A History of Horror
with Mark Gatiss
Airdate: October 18th 2010.
Ok, that wasn’t so bad. As I’d suspected in my review of episode one (right here), the second episode of Mark Gatiss’ love letter to horror movies was a little more informative to me in places... quite simply because I don’t know the period and examples of horror highlighted in this episode as well as I do the stuff in the first.
The show opened, again, with another movie parody and I think (although please correct me if I’m wrong) that the Hammer film scene being referenced in this sequence was, in fact, the pre-credits sequence from Dracula A.D 1972... a Hammer film I like particularly well because I remember growing up in that period, love the flared trousers and funky music and... well... it’s got Caroline Munro in it.
After this Mr. Gatiss did some stuff on Hammer and it surprised me that I knew pretty much all the info in this sequence... I must be more into Hammer than I thought. There were two glaring ommisions that I can see, however... at least in terms of what I personally would consider to be the two Hammer films which most reflect how great the studio could be... Quatermass And The Pit and The Devil Rides Out were not included in this show.
But I soon cheered up when Mario Bava popped up in relation to his first commercially acknowledged feature film as director, Black Sunday and parts of the pre-credits sequence were shown. Barbara Steele was being interviewed by Gatiss and she still comes across as beautiful and “dramatic” now as she always did in interviews. Very over the top but charming with it.
Again though, I was a trifle disappointed when the enormous contribution to the genre by Bava was dropped after a few minutes and we moved on to somebody else. After the show had spent a fair bit of time building up the inestimable talents of Christopher Lee and Peter Cushing, I would have thought they would have at least mentioned one of Mr. Lee’s Bava movies, The Whip And The Body.
There were some other great horrors featured. Roger Corman was interviewed although, again, nothing here we haven’t heard before. And also, my favourite number one scary movie of all time, Robert Wise’s 1963 adaptation of Shirley Jackson’s The Haunting of Hill House, titled merely The Haunting. This is a truly terrifying movie and Mr. Gatiss was quick to talk about it’s fine details... like the fact that you don’t really see anything and that the house is the dominant character itself, which when you think about it is no mean feat when you have actors like Richard Johnson, Claire Bloom and Russ Tamblyn running around inside. It would have been nice to have heard Mr. Wise tell the story of how he shot it using a new widescreen lense which was still in the experimental stage because it gave the image the kind of unsettling distortion he wanted... but like I intimated in my first review, there probably wasn’t enough money in the pot to do 100 episodes of the series... gotta keep things moving along there.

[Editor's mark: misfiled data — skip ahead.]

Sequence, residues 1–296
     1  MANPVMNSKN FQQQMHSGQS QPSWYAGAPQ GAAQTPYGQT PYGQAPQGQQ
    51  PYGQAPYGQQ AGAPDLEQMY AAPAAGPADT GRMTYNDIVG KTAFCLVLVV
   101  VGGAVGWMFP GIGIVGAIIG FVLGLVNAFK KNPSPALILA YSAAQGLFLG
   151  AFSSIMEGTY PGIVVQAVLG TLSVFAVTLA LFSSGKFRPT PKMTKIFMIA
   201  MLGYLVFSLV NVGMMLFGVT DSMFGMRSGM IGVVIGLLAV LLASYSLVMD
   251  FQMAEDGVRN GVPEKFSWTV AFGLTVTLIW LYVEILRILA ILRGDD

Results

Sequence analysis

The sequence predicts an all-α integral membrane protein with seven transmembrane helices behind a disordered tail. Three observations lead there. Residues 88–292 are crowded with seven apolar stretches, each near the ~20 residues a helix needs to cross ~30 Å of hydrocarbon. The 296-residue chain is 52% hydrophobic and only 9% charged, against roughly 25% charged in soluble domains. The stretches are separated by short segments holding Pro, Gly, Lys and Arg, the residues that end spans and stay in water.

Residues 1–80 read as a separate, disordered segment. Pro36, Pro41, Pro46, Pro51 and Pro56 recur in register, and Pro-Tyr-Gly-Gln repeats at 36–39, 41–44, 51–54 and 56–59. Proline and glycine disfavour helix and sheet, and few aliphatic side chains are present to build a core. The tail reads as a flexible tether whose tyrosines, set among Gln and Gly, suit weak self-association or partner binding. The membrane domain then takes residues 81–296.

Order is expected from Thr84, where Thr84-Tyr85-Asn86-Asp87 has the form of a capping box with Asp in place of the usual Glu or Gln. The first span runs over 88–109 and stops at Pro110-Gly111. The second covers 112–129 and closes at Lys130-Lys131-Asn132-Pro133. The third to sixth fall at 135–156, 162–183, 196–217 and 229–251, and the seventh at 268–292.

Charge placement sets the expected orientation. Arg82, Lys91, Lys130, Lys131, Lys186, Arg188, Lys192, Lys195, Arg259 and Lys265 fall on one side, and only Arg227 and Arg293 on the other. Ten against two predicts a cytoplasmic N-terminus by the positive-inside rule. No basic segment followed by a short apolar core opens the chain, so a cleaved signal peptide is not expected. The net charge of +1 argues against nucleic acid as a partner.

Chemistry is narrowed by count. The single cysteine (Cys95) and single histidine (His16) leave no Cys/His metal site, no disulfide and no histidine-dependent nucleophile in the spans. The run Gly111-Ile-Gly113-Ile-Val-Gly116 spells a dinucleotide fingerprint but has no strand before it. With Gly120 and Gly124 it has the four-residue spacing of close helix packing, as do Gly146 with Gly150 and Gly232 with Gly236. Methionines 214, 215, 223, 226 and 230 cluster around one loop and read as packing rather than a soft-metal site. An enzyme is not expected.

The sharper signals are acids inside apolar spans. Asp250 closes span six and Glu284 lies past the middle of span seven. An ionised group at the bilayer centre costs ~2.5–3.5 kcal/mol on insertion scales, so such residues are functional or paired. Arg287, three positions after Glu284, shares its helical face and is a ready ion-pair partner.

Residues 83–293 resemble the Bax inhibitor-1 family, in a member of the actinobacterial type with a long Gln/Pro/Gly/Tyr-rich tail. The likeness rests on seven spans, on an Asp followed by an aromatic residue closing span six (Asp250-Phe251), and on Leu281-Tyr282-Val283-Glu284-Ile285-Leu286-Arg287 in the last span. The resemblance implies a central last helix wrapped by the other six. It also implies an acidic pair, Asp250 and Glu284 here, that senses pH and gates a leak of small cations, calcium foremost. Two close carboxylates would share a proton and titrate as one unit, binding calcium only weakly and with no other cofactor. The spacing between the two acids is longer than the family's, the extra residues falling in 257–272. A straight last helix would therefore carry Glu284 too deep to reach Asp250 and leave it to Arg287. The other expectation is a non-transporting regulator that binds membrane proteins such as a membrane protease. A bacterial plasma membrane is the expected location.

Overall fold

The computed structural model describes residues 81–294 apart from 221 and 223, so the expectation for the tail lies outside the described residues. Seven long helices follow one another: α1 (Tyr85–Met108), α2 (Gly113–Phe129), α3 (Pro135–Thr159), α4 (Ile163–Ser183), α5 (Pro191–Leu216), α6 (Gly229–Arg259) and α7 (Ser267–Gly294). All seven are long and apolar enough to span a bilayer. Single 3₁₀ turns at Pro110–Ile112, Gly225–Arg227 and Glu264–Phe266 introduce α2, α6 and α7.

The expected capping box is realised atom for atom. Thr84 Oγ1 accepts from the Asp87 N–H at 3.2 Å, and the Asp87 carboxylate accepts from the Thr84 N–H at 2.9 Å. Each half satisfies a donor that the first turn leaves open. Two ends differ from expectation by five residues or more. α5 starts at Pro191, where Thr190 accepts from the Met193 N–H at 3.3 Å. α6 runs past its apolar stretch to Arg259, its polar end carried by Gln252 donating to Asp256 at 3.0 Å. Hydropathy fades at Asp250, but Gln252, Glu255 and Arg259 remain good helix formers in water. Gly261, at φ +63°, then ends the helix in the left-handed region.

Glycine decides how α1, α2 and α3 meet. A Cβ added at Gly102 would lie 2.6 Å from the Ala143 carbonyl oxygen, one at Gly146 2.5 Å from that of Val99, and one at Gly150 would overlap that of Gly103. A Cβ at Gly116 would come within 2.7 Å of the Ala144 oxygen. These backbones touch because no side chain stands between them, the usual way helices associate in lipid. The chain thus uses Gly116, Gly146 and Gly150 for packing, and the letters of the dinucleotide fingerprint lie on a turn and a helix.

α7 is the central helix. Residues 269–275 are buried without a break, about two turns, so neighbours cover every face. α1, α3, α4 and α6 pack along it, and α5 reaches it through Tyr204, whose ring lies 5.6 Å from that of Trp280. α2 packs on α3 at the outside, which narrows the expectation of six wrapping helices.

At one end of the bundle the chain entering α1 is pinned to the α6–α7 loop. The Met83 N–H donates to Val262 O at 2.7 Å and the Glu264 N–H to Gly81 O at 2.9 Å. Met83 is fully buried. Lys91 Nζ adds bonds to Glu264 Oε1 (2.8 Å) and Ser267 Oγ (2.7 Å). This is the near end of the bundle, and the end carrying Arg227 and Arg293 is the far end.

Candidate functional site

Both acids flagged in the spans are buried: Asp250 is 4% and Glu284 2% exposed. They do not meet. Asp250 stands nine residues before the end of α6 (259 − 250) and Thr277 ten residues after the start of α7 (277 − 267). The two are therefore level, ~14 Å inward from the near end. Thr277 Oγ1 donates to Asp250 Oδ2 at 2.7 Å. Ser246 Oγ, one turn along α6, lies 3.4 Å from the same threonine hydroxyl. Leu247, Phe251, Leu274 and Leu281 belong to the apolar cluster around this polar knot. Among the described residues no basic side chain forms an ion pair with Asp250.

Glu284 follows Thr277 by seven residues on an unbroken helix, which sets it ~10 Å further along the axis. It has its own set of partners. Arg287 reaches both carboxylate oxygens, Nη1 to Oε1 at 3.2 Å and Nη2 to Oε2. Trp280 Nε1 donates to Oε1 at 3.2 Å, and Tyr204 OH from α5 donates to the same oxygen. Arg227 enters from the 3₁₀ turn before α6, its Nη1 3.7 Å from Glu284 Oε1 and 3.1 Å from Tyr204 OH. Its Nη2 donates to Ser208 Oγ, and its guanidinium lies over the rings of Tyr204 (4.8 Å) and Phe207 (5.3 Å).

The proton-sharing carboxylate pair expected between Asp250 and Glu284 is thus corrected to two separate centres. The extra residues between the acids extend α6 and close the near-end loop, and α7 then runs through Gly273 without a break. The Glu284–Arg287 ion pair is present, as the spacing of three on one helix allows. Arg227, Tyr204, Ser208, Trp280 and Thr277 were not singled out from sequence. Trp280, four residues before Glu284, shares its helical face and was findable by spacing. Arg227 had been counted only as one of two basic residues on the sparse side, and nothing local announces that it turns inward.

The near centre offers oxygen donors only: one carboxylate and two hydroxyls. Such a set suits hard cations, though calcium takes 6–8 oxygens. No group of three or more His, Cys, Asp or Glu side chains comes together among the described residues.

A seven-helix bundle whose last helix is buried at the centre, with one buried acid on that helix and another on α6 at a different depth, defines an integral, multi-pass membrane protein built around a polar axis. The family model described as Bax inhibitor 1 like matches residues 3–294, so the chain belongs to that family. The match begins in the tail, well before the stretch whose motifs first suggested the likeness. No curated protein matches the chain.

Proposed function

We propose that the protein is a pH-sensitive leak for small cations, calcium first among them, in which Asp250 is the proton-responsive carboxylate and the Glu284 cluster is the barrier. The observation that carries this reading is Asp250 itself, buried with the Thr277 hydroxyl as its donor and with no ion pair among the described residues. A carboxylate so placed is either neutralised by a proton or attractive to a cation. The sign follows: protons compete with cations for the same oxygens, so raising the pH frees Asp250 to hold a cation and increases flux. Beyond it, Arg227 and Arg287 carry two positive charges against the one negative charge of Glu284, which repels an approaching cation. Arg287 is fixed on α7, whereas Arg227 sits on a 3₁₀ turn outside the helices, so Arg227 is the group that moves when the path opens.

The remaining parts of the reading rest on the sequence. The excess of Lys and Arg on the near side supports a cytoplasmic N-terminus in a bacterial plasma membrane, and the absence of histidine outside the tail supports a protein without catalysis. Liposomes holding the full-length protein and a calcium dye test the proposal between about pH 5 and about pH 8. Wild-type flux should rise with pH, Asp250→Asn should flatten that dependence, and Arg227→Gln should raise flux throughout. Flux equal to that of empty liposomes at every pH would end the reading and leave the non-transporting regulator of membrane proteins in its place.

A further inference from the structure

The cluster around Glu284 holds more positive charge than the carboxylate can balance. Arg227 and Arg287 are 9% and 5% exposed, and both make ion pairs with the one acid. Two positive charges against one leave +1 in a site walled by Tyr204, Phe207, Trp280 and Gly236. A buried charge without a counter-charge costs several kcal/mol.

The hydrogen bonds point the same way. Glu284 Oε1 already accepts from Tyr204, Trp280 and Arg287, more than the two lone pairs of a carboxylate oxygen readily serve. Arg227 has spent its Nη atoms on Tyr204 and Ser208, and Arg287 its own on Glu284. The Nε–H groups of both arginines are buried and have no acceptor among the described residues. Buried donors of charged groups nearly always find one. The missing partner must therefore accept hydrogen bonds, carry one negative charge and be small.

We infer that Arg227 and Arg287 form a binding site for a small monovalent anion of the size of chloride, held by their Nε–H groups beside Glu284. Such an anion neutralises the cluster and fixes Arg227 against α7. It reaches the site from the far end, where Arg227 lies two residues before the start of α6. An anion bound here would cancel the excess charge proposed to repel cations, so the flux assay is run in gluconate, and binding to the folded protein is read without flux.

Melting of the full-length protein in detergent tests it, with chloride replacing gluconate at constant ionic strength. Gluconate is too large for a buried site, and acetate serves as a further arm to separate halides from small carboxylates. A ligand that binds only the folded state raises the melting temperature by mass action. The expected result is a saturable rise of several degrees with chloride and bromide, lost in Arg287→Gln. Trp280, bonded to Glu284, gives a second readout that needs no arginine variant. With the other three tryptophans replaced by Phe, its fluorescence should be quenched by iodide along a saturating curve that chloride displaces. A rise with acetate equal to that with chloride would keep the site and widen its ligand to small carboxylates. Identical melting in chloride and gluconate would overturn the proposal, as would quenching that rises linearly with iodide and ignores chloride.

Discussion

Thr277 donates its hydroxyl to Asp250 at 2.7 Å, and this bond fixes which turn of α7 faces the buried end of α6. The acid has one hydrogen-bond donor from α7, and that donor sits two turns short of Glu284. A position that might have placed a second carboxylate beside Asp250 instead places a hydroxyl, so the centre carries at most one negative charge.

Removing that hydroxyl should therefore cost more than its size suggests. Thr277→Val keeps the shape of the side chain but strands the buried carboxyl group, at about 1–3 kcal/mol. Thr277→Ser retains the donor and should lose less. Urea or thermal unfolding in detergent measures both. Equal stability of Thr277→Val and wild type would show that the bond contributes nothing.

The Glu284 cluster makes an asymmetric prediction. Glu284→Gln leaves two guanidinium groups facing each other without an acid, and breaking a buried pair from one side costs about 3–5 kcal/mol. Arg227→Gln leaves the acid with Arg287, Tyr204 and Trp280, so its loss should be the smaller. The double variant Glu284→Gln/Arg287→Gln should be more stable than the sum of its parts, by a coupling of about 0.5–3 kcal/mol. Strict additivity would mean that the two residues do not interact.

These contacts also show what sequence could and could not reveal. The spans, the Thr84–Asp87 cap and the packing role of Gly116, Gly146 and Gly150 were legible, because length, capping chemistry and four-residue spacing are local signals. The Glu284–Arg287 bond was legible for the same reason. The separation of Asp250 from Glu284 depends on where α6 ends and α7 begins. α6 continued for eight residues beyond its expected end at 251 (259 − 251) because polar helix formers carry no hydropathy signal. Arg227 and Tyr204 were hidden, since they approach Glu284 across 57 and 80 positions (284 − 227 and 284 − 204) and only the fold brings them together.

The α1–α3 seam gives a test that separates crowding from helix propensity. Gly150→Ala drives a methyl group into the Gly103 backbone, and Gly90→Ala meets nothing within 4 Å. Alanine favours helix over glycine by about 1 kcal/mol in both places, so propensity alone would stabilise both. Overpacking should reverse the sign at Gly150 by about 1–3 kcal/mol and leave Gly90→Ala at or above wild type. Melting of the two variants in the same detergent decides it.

And after that Mr. Gatiss took me into territory I was really unfamiliar with, I’m pleased to say. The Home Counties Horror angle he’d so cleverly worked up as a sub-genre I wasn’t even aware of was quite interesting to me... as were the portmanteu films he mentioned too.
Now I tend to steer clear of movies comprised of short stories because, well hit and miss is an understatement as far as I’m concerned. These movies never have the time to work up the characters to the point where you can actually sympathise with them and usually end up being much more miss than hit (the one notable exception I can think of, Dead of Night, was briefly mentioned by Mr. Gatiss). But to be honest... he’s piqued my interest. Wouldn’t mind seeing a couple of the anthology movies he covered because some of the imagery looked quite interesting. I’ll have to try to get hold of a couple of those... so that’s one good thing come out of this series already for me. I’m going to explore a little more outside my box on that one.
As for the distinctly British, pagan/folklore movies highlighted in the last segment of the show, well - I’ve never really been the biggest fan of either the Wichfinder General or The Wicker Man, even though both movies feature scenes of amply endowed young ladies running rampant and even though the latter movie features one of the most brilliant and unexpected endings in movie history (right up there with spaghetti western The Great Silence). There’s just something about these two that I’ve always found to be a big turn off... maybe it’s the emphasis on physical horror as opposed to supernatural scares which dampens my enthusiasm for these kinds of movies... but whatever it is, I’ve always given these one short shrift.
That being said, I now have Mr. Gatiss to thank for getting me interested in a movie called Blood On Satan’s Claw which I have never seen but seem to remember having some tie-in novel/adaptation of it in paperback when I was a kid. The film looked kind of interesting and my curiosity is now even more piqued since I’ve found out that Wendy Padbury, who played one of my favourite Doctor Who assistants Zoe Herriot, is in the movie. Will have to take a serious look at this one.
So there you go... a good second episode hitting similar kinds of marks as the first. The one big weakness for this one was, of course, no Caroline Munro interview... which I see very much as a missed opportunity.
Now the third episode looks like it’s going to be dealing with horrors of the 70s and 80s... my least favourite period of movie horror, at least as far as the US movies go with their hack and slash fodder which seem more like dumbed down and less well made copies of the stylish Italian gialli which I suspect must have heavily influenced them. I can only hope that Mr. Gatiss spares some time for some of the Spanish and Italian horror movies which were being made at the time!